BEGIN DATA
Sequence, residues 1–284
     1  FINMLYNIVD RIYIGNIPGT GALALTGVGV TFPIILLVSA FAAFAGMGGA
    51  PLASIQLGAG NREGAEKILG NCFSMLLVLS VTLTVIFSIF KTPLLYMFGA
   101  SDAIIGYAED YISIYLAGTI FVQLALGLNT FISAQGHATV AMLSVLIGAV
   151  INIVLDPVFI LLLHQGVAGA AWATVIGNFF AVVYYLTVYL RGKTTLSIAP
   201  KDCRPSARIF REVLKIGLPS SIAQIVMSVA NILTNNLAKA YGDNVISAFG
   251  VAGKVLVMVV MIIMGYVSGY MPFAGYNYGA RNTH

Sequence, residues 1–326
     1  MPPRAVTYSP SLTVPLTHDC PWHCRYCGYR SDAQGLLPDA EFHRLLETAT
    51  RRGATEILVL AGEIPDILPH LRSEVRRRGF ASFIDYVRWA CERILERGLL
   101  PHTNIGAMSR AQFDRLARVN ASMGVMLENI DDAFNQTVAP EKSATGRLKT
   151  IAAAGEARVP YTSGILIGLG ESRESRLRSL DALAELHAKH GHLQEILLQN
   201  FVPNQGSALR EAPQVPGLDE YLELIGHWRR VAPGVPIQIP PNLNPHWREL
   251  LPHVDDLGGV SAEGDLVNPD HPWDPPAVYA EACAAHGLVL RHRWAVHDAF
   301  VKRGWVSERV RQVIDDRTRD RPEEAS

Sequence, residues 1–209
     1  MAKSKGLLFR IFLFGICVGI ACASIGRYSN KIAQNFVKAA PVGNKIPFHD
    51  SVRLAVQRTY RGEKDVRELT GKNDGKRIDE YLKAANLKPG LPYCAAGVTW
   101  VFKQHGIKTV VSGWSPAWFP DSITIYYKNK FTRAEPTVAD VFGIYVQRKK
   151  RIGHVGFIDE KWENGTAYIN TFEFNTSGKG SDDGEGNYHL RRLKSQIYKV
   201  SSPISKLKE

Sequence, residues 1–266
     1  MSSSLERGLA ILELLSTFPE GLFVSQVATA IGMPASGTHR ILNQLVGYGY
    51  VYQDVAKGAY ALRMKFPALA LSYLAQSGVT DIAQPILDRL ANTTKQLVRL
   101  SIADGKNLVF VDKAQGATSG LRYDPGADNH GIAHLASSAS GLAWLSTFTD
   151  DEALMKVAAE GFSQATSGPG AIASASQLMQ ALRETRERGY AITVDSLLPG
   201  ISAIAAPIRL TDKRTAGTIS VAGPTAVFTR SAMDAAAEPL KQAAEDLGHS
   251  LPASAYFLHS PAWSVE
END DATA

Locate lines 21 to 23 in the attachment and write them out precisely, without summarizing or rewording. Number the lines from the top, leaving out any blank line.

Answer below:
   201  SSPISKLKE

Sequence, residues 1–266
     1  MSSSLERGLA ILELLSTFPE GLFVSQVATA IGMPASGTHR ILNQLVGYGY